Wyoming Dealers Say Gila Monsters Not Good Pets After Bite Kills Colorado Man

A Colorado man died after being bitten by his pet Gila monster -- which have been known to deliver a fatal amount of venom. That's why Wyoming exotic pet dealers say that Gila monsters are usually best left in the wild.

Mark Heinz

February 23, 20244 min read

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If a pet Gila monster is on your wish list, you should probably reconsider, some Wyoming pet dealers said.

Particularly in light of a Lakewood, Colorado man dying this month after he was bitten by one of his two pet Gila monsters. Keeping those critters in captivity isn’t a good idea, Andrew Jenkinson of Gillette and Kiley Troia of Riverton told Cowboy State Daily.

“I don’t know how well you can even tame down a Gila monster. If they’re anything like monitors (monitor lizards), then no. You can’t tame down monitors,” said Jenkinson, who owns Mr. Critters, a pet store in Gillette.

Troia, who owns Critters, Scales & Tails, a pet store in Riverton, is also against selling and keeping Gila monsters.

“I think some animals just shouldn’t be kept as pets,” she said.

Fatal Bite?

Lakewood resident Christopher Ward, 34, had two pet Gila monsters, named “Winston” and “Potato,” according to news reports.

He was taken to a local hospital immediately after Winston bit him on Feb. 12. He was placed on life support but died on Feb. 16. His girlfriend surrendered both of the Gila monsters to Lakewood animal control.

The Jefferson County, Colorado coroner’s office has not yet officially ruled the bite as the sole cause of Ward’s death, according to reports, but Gila monster venom is known to be fatally toxic.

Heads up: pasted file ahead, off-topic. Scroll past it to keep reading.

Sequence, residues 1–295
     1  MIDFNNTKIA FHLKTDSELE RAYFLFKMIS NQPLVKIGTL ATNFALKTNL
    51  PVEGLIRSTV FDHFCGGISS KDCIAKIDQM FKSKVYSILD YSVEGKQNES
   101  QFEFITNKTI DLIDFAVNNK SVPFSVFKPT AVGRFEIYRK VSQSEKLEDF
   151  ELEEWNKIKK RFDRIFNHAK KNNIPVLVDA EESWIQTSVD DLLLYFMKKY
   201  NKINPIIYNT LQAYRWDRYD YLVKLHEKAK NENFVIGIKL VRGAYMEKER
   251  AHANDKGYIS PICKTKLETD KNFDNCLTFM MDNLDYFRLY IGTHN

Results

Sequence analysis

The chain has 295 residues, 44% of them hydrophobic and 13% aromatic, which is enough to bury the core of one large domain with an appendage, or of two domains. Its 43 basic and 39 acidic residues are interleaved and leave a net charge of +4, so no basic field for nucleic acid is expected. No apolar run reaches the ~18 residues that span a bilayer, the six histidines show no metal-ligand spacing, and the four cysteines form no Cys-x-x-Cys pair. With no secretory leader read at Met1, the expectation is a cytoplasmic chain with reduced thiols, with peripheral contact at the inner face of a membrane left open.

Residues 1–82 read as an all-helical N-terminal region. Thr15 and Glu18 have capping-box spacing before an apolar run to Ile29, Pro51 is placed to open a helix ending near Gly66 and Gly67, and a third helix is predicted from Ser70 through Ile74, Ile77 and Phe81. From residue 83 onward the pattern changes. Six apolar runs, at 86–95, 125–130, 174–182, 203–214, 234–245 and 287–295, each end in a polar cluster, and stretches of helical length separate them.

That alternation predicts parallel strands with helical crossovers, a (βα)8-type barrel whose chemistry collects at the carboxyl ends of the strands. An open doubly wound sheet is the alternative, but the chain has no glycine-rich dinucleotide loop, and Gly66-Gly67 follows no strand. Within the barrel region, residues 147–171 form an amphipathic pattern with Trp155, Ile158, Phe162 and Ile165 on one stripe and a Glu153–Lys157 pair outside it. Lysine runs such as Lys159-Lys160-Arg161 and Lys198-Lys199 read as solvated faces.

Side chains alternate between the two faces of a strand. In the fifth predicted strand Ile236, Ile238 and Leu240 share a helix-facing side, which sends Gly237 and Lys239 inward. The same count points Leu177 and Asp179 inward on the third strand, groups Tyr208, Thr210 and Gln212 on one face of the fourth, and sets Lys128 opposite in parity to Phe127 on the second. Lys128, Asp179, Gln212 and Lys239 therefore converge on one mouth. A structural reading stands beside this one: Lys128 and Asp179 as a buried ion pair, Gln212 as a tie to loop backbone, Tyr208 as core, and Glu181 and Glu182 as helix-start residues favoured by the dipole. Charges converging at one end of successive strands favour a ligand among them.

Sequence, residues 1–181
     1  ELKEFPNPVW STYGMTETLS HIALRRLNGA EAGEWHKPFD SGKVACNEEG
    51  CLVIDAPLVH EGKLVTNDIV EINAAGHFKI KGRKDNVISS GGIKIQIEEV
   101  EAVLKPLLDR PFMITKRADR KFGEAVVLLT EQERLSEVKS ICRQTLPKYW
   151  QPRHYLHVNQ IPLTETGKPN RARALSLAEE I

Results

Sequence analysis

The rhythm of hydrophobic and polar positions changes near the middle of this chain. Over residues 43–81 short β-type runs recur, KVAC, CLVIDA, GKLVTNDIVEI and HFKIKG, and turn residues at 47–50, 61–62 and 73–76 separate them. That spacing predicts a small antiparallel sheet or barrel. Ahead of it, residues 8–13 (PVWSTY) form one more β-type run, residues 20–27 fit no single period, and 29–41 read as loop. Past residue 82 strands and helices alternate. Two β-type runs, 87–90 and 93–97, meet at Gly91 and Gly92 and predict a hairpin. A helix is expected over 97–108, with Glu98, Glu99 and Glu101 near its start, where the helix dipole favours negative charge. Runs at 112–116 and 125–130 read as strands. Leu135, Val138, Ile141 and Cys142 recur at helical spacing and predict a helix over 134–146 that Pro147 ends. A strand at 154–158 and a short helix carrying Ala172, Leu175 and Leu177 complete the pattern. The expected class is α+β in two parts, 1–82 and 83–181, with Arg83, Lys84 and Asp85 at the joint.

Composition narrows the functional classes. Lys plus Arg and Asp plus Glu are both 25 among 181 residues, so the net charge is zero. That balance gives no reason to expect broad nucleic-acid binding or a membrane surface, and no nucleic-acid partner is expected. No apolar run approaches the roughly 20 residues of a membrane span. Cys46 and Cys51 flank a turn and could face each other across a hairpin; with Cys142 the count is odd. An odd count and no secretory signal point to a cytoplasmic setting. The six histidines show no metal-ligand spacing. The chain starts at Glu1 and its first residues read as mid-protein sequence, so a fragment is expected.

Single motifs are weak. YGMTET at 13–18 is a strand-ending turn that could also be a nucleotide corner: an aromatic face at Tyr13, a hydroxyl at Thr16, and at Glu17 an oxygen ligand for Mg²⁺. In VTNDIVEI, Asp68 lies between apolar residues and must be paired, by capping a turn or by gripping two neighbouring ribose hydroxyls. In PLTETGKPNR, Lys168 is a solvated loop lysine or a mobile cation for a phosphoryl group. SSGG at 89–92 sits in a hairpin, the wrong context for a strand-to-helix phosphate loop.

Gila monsters are a species of lizard native to the Southwestern United States and the northwestern Mexican state of Sonora. They can grow up to about 22 inches in length and are the only venomous lizard species native to the United States.

Know What You’re Getting Into

Jenkinson and Troia say they don’t know of anybody in Wyoming trying to keep Gila monsters as pets.

But there are some who keep potentially dangerous critters, such as rattlesnakes, Jenkinson said.

Rattlers are fascinating, but people absolutely must know what they’re doing to keep them in captivity, he said.

“The first thing you’ve got to do is get in line with state, federal and local laws. Here in Gillette, you can’t keep anything venomous,” Jenkinson said.

And people should do their research and know the needs, habits, and potential dangers of owning any exotic pets, he added.

Troia said that in general, Wyoming regulations are relatively loose regarding what animals can be kept in captivity. And she’s seen too many instances of people trying to go beyond the usual dog or cat pet options, but then regretting it.

“We get surrenders here at the shop all the time, because people get different animals, but those people don’t realize what they’re getting into,” she said. “We get people surrendering snakes, lizards, Guinea pigs, ferrets and rats.”

Unusual critters, such as boa constrictor snakes, have an enthusiastic customer base in Wyoming, but they’re not a good option for novice pet owners, she added.

In addition to human safety concerns, Jenkinson said he doesn’t like to see novices try to take on exotic pets, because it can frequently end badly for the animals.

There’s a wealth of knowledge available, and experts to consult before taking the dive into exotic animal ownership, he said.

“As long as the person is responsible about it, I don’t have huge issues with it,” he said.

But owning Gila monsters is probably a bridge too far for anybody, he added.

“Some species should just be left in the wild, to live out their lives in the wild,” he said.

Mark Heinz can be reached at mark@cowboystatedaily.com.

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Mark Heinz

Outdoors Reporter